Two airliners successfully landed immediately before flight FZ981 made its descent to land. The crew aborted the landing at 1,700 ft above and 4 miles from the runway because of the windy conditions. They put their B737-800 into a holding pattern.
Soon after, an Aeroflot airliner made three failed attempts to land and diverted to nearby Krasnodar Airport.
FluDubai flight FZ981 orbited for approximately two hours, the pilots hoping the weather would improve. It is not publicly known what the pilots discussed during their time in the holding pattern, or what communications, if any, were held with the dispatcher at FlyDubai’s operations center. Surely, the possibility of diverting to Krasnodar, or elsewhere, was discussed. While the B737-800 was consuming fuel, after the four hour flight from Dubai it still had substantial fuel to divert — the airplane took off with eight hours fuel pumped aboard.
The aircrew decided to make a second landing attempt at Rostov-on-Don. Here was task fixation with a vengeance. The airplane got within 3.4 miles of the runway threshold, but the crew decided to abort the landing for the second time because of the gusty wind conditions.
Vasily Golubev, the governor of the Rostov region, and the home of most of the 55 passengers, said, “In all likelihood, the cause of the air crash was heavy winds approaching hurricane strength.”
It is probable, but not known with certainty, that Captain Socratous was the handling pilot; in which case First Officer Álava would have assumed the duties of pilot monitoring. According to one report, either Socratous or Álava turned off the autopilot and activated the take off/go around (TOGA) button. (See https://www.rt.com/news/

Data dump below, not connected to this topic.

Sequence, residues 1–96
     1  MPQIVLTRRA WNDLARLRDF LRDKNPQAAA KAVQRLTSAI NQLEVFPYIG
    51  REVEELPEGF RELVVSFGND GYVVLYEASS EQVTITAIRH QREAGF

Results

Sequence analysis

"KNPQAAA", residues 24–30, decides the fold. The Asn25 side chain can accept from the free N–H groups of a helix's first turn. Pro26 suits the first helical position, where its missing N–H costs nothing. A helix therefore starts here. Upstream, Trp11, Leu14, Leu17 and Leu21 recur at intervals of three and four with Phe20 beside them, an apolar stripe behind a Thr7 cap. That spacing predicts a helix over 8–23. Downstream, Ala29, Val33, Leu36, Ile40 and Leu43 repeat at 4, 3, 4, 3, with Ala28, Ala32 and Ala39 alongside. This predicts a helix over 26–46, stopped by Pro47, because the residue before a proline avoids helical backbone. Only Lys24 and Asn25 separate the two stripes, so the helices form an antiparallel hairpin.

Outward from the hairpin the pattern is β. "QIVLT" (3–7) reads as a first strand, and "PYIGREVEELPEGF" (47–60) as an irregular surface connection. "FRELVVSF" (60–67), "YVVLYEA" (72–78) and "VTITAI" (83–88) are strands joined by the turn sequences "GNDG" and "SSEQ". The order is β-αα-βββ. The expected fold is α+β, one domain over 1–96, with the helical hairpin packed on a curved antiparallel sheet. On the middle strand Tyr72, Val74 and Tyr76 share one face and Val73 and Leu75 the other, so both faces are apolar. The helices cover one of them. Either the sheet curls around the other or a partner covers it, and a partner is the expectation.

337400-pilots-conflict-boeing-rostov/) In any event, the airplane was put into a steep climb with speed declining.
“Wait! Where are you flying? Stop! Stop!” a voice on the cockpit voice recorder apparently shrieked.
By the time crew actions were coordinated, it was too late. The airplane was plummeting downward at nearly 200 mph at an angle of approximately 45 degrees, then 60 degrees Immediately off the approach end of Runway 22 a mighty explosion marked the impact point.
Would a well rested aircrew not functioning in the window of circadian low (when the body’s demand for sleep is most pronounced) even attempted landing under these conditions? Probably not. The fatal wages of task fixation.
Both pilots had received their training on Western-built aircraft.
Reacting wrongly to instruments. There are other cases where the pilots have momentarily misread their instruments — especially if they received training and gained experience on Russian-designed aircraft.
Case in point: the fatal crash in 2008 of Aeroflot-Nord flight SU821 while descending to land at Perm Airport, Russia, killing all 88 of the occupants. The domestic flight originated at Moscow. The Russian pilots were flying a Boeing B737-500. In the late afternoon, the weather at Perm was cloudy.
The air traffic controller radioed the pilots that the aircraft was too far to the right of the glide slope, and shortly thereafter the aircraft was viewed on the ground radar as climbing.
“Roger, we are descending,” the aircrew radioed. However, the pilots failed to comply and the air traffic controller ordered a go-around.